The elimination of "tax expenditures," as described by Penner in his Senate testimony, would be coupled with just a two-tier income tax - 10% starting at an income of $22,475, and 25% starting at $44,950. Fiscal Future claims that  "[t]he economic waste ("deadweight loss") to economic directly related to marginal tax rates. As marginal rates rise, these efficiency losses rise more than proportionally, roughly as the square of marginal tax rates."  The paper also asserts that various targeted tax incentives (tax expenditures) such as retirement savings or mortgage interest deductions distort economic behavior and so allocate resources less efficiently.

Tax expenditures have long been beloved by both parties -- by Republicans, because they are by definition tax cuts, and by Democrats, because in our right-leaning polity they're often the most politically palatable way to provide breaks to lower and middle class voters; Republicans find them difficult to oppose. Hence the number of targeted tax breaks for individuals has more than doubled since 1974.

I imagine that many economists would dispute the claim that all targeted tax breaks create non-beneficial incentives and economic waste.  A reasonable takeaway from this paper, however, would seem to be that eliminating or limiting some major deductions would yield major revenue and greatly reduce the extent of needed across-the-board tax hikes such as a VAT or increased payroll tax. (There seems to be near consensus, for example, that the current form of the mortgage exemption skews incentives.)  Fiscal Future presents along with each of its four future tax scenarios an equivalent alternative under a radically simplified tax structure that eliminates all "tax expenditures" except the child tax credit and the earned income tax credit. The paper acknowledges, though, that "[t]he current tax structure...and the simplified tax structure discussed here represent two 'bookends,' with many possibilities in between."  One can imagine the mammoth political battles that may come regarding which tax carve-outs to eliminate or radically reduce.

The Senate health bill's excise tax on expensive plans provides a foretaste of such battles. Penner's perspective on the health care tax exemption highlights why Obama is hell-bent on preserving the excise tax in the Senate bill, in the face of furious opposition from unions and House Democrats. The excise tax indirectly caps the health insurance deduction for employers. Proponents expect it both to provide significant revenue and to restrain health care cost growth.  It's a modest step toward eliminating the health care tax exemption for employers, as the Wyden-Bennett alternative HCR bill -- which at present remains a Utopian bipartisan dream -- would do.

Friday, February 19, 2010

"Shorter Scott Brown"

Reading the suicide screed of the IRS kamikaze bomber, my first thought was that it was a distillation of the  noxious brew of inchoate rage that's fueling the tea party movement. Then I thought, don't go there -- let's not insta- politicize the paranoid homicidal insanity of someone who complains of "the storm raging in my head." True, Stack understood his own grievance as a political one, but he was so clearly insane that I would hesitate to impute his craziness to the tenor of ideas that his resemble, even if those ideas are finding extreme expression in what now passes for our mainstream. But then, Scott Brown swiftly drew a political moral, expressing implicit approval of the focal points of Stack's insane rage:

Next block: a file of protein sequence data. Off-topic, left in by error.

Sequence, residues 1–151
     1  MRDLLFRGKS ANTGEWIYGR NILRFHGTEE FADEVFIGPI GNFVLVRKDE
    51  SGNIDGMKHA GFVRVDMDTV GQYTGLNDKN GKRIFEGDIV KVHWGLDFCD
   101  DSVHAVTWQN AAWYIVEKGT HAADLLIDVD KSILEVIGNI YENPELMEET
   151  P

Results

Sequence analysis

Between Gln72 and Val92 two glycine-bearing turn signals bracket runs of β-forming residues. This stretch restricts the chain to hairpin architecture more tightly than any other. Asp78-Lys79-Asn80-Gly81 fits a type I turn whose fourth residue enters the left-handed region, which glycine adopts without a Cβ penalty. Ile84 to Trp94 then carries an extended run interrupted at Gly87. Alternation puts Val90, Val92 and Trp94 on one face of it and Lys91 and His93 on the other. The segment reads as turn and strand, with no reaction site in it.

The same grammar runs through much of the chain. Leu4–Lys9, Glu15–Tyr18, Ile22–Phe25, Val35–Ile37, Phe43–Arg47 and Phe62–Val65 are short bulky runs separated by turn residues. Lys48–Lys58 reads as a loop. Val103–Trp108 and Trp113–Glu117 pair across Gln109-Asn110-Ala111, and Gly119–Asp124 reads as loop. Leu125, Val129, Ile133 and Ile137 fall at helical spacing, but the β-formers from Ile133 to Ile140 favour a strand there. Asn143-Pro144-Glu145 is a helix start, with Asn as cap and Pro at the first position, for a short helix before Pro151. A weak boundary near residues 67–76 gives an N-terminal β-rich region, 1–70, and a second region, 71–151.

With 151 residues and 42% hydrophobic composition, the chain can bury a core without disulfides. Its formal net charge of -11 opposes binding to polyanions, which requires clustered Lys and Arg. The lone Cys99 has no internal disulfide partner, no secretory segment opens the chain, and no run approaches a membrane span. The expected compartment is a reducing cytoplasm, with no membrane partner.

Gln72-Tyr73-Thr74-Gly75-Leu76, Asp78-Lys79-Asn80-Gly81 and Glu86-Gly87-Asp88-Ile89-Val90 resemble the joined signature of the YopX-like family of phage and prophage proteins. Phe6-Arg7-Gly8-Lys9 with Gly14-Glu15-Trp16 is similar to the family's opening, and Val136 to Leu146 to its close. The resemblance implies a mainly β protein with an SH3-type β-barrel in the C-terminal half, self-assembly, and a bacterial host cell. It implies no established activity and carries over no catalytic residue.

Appearing on Fox News soon after Stack flew an airplane into a building, Brown told the national television audience that he "feels for the families" affected by the attack. In the next breath, however, the senator added:
"I don't know if it's related but I can just sense not only in my election, but since being here in Washington, people are frustrated. They want transparency. They want their elected officials to be accountable and open and talk about the things affecting their daily lives. So I am not sure if there is a connection, I certainly hope not, but we need to do things better."
Brown added that an incident like the one in Austin is "extreme," but added, "No one likes paying taxes obviously."
A commenter on Steve Benen's site caught Brown's logic perfectly:
Shorter Scott Brown: People are so frustrated and despairing that they are starting to do dangerous and crazy things, like crashing planes and voting for people like me.
Viewed another way, Scott's reaction is analogous to that of people who clucked that the 9/11 attack was deplorable but understandable, given U.S. actions in the Middle East.

Thursday, February 18, 2010

Calling Boehner Cantor et al...

Remember that demand from the House Republican leadership that the White House put up a health care plan for all to see 72 hours in advance of the health care summit?  Er....
WASHINGTON  [AP]— The White House and congressional leaders are preparing a detailed health care proposal designed to win passage without Republican support if GOP lawmakers fail to embrace bipartisan compromises at President Barack Obama's summit next week.